AT Day 122: And The States Won't Stop (But I Might Here And There)

The days out of Front Royal passed more quickly than any others thus far. As expected, the handful of familiar folks I had seen through Shenandoah were now ahead of me, or surprisingly behind. Armed with my rover’s resolve and clear landmarks ahead, going came easily, but it took time for me to let go and let the trail take me as its wont, over my own.

Uncle Ya had returned from his trip home around the same time I got back on trail from Richmond, putting us in close proximity. Knowing he was only a day or two ahead of me made good incentive to push miles, and the terrain was forgiving, outside of the so-called “roller coaster” series of hills at the northern end of Virginia. The chase was on!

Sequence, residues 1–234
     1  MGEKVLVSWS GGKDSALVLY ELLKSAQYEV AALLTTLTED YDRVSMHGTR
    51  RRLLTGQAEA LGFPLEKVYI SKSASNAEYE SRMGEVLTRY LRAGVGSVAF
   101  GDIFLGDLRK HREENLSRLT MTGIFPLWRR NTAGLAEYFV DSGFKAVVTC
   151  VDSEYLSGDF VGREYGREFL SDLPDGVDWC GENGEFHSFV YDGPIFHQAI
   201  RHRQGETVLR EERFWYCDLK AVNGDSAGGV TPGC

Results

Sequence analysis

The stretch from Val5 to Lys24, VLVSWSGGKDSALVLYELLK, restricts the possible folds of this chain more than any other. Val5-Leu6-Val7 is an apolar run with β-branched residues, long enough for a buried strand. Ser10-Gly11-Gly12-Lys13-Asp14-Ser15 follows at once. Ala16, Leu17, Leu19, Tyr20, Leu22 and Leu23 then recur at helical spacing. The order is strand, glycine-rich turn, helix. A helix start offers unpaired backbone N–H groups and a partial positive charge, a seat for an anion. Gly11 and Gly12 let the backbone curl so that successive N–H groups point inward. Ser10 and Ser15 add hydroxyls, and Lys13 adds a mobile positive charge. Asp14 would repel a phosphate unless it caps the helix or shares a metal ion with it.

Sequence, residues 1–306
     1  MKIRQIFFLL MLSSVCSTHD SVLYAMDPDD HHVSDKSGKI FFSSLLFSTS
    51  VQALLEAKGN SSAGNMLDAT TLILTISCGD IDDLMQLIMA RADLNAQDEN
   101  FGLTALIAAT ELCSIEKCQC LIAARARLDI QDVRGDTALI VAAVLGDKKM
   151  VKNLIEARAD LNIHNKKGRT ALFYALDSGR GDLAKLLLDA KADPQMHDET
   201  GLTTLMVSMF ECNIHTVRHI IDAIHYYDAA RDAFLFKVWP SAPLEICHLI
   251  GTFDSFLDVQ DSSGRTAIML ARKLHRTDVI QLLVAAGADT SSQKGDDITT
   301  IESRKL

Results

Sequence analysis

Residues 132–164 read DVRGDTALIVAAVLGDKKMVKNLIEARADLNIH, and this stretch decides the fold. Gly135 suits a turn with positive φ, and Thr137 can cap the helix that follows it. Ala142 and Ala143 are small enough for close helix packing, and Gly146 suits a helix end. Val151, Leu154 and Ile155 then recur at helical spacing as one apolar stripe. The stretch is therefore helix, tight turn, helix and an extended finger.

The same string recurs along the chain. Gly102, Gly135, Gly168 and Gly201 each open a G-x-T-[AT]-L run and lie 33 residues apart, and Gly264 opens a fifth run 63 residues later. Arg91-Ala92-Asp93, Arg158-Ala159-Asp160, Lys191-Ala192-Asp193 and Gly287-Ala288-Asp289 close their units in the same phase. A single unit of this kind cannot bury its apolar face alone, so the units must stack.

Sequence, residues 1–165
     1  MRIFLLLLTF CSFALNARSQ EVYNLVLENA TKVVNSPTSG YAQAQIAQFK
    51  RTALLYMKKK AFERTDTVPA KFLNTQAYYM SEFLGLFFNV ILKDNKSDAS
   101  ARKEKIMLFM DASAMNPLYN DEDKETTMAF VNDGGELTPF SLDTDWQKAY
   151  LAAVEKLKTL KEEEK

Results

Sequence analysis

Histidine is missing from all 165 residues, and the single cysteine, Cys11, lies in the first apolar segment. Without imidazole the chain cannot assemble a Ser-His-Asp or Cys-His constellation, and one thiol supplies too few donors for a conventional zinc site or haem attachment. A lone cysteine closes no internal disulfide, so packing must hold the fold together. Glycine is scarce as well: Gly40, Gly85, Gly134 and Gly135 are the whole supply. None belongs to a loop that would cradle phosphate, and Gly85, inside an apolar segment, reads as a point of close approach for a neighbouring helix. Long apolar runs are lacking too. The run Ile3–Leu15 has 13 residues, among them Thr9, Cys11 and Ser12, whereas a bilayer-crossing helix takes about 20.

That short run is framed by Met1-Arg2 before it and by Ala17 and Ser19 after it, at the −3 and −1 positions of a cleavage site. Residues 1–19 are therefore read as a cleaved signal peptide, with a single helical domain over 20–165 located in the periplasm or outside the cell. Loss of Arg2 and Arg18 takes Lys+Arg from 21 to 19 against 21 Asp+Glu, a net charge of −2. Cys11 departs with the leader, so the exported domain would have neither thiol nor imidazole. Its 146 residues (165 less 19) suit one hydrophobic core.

The passage through West Virginia is brief, taking hikers near the Appalachian Trail Conservancy headquarters and one of three roads in Harper’s Ferry. This marks the unmoving “spiritual” halfway point on the trail, though it is South of the “nerd’s” halfway point that splits the trail exactly. Hikers stop at the conservancy to take a polaroid in front of its sign, which is then catalogued with all others from this year. The rest of Harper’s Ferry was overwhelming; I passed through on a Saturday and the place was abustle with tourists, historical site park rangers, reenactors, and a couple dozen hikers, as passersbys like myself collided with those zeroing in town. Thankfully West Virginia’s chaos passed into Maryland woods quickly, and then into Pennsylvania woods nearly as fast, with just a day or two between. Some attempt to complete this 42-mile stretch in 24 hours or less, dubbed the “four state” challenge: VA to WV to MD to PA. Still, I saw more day hikers in my short time in Maryland than the entirety of Shenandoah.